The Nineteenth Century Industrialist

What Did I Learn? Webcomic reviews by Delos Woodruff

This week, I looked at The Nineteenth Century Industrialist by Renee Katz. Sometimes comics have odd titles, subject matter or visuals which can attract or repel viewers. I was wondering who would be attracted to this comic’s title.

What I liked about 19th was the art. It has a loose, dynamic style with great color contrasts. I like the character designs with their varied shapes and very visual personalities. Most would probably find the art at least acceptable because it has some energy to it, so let’s move on to the other aspects of the comic.

I’ve got to warn you that the dialogue is very hard to read at first. I had to squint my brain to figure out why that is because the lettering really isn’t all that bad. 19th has a few uncommon words which break up your scan reading, that’s all. Don’t worry, it smooths out or you get used to it, maybe.

The main character, Hiram Thorpe is a true Nineteenth Century Industrialist. He has no other concerns than making money at any cost. In one comic we see Hiram is shot and he bleeds oil. He goes from dying to horseback and headed for the bank. Another comic has Hiram despairing about getting in trouble over his “wanton destruction of the fragile mother earth.”

Apparently, Hiram has been swept out of his time and into ours. I would say that the humor is supposed to come from his perceptions of “culturally normal” versus the present day “normal.” For instance, a thirty minute lunch is now normal but not for Hiram. And Hiram celebrates Earth Day a little differently than most people do today. Or maybe something a little more mundane – color printing or burning puppies for fuel.

It’s at this point that I realized that I had been hoping for a lighter, quick reading comic to enjoy. And 19th isn’t.

That’s not necessarily bad, mind you. Just not what I was expecting. To appreciate 19th, it helps to be somewhat familiar with the whole period of history. It’s not highbrow reading but you’ll really need some background to appreciate the basic humor. And then there’s something very … zany and wrong about 19th as well.

I can understand when he goes to the Doctor and is happy he doesn’t have the plague. That’s because it was the prevailing disease of the time and he knows nothing of his cancer that’s killing him. It’s morbid but relatable.

Then, Thorpe has this thing with vomiting on people who say things he doesn’t like. There is a comic where Thorpe’s factory worker has a flashback to when he was a kid. His dream is to grow up and kill all the capitalists. It’s not explained or justified anywhere that I saw. One other unjustified strip has Thorpe confide that he has no driver’s license and the others make fun of him for that. The joke is a little weak for class strife or anything else I imagined. There is more twisted stuff that I just don’t grok.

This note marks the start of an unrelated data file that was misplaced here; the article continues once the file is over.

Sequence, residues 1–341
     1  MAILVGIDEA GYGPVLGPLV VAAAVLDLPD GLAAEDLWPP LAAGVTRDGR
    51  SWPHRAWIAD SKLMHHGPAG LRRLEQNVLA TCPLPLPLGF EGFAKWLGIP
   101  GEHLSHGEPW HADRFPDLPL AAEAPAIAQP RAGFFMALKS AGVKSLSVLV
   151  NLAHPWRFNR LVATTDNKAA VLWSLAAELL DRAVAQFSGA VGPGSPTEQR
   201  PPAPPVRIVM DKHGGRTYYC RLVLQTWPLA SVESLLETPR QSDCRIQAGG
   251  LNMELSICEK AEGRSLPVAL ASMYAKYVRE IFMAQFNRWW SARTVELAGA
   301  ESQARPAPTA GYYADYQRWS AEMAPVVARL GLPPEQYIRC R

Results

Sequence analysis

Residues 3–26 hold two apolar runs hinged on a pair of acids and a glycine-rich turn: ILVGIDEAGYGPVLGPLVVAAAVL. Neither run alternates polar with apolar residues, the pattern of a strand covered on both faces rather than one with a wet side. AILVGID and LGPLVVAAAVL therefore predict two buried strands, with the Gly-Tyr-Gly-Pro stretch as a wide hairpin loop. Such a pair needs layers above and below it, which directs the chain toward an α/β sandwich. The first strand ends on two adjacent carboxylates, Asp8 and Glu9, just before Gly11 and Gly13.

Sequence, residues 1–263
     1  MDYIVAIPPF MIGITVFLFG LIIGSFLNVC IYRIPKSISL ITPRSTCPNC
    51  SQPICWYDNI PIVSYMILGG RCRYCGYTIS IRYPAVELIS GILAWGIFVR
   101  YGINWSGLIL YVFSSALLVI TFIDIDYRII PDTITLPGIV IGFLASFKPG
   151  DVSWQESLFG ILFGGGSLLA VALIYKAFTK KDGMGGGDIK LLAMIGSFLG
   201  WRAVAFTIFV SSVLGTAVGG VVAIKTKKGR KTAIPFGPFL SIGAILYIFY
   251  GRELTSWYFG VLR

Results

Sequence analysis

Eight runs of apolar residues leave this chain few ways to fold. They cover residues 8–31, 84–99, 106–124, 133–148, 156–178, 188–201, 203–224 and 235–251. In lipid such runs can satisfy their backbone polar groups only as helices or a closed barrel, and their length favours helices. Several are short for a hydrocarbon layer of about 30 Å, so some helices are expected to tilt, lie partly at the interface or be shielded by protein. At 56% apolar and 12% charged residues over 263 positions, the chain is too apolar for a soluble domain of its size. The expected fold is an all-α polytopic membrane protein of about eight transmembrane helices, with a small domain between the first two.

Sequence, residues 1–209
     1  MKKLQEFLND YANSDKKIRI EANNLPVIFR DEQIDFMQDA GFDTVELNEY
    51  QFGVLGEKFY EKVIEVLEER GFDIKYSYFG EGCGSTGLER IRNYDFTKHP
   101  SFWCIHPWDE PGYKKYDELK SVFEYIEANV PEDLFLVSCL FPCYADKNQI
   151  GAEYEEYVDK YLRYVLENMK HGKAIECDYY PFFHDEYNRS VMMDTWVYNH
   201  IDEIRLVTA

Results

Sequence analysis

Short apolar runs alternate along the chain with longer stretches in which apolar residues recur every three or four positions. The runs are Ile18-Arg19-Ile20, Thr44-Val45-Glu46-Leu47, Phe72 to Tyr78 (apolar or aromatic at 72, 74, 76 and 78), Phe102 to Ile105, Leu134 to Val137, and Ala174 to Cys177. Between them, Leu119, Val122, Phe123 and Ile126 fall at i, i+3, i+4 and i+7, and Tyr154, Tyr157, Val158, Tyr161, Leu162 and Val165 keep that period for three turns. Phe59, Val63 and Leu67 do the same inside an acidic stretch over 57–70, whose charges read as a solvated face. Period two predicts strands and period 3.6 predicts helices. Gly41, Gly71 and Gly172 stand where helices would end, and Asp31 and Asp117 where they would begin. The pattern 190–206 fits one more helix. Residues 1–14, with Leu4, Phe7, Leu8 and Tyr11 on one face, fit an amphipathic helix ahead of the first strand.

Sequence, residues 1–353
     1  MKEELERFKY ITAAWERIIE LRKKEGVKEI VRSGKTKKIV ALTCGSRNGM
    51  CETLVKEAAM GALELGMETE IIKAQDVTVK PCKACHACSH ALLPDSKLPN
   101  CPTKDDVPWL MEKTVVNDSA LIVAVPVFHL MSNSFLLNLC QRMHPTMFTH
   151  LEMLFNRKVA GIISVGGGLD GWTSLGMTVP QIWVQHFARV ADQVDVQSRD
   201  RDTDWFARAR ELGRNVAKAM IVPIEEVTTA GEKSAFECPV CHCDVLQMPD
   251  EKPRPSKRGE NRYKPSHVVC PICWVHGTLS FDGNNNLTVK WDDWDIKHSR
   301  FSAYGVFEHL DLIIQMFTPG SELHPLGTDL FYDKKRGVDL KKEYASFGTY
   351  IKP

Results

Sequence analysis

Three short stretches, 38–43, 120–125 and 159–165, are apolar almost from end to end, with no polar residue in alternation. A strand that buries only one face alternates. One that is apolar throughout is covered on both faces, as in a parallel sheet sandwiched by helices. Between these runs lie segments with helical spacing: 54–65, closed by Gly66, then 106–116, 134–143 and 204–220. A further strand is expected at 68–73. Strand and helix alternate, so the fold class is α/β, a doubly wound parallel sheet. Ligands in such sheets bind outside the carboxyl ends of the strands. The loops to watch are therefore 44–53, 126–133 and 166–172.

I also don’t think we’re really all that far away from abusing the regular working folk. I’ve worked in a factory in 100 degree F heat where the Boss screamed at a 65 year old with a serious heart condition to move faster. We were already moving faster than the workers behind us on the assembly line could go, so I’m not sure why it was necessary at all. Now, it wasn’t a sweatshop in the classic definition, of course. We had breaks and a lunch and there were no beatings or minors working. Close enough.

Perhaps because of my personal outlook, however much I wanted to like 19th, it just wasn’t for me. Fans of the strip are welcome to comment and fill in whatever blanks I might be missing in my understanding.

What Did I Learn?
Say it was your job to promote this comic. Who would enjoy 19th?

This is an example of a specifically niched comic. You’d need readers who will like the subtle, historical in-jokes. They would also have to have a touch of the crazy or create their own intellectual amusement from the topics in the comic.

I’m sure there are 19th century historians and afficianados that might like it quite a lot. Of course, they might have to be a certain kind of person as well as being a history buff. Perhaps some fanciful alternate history publications or websites might be interested. It’s much easier to look at extreme examples like 19th and pick out who the best potential audience is than a more general appeal.

Still, don’t take my word for it. You can find 19th on Drunk Duck or Comic Genesis and see for yourself.

Comments are closed.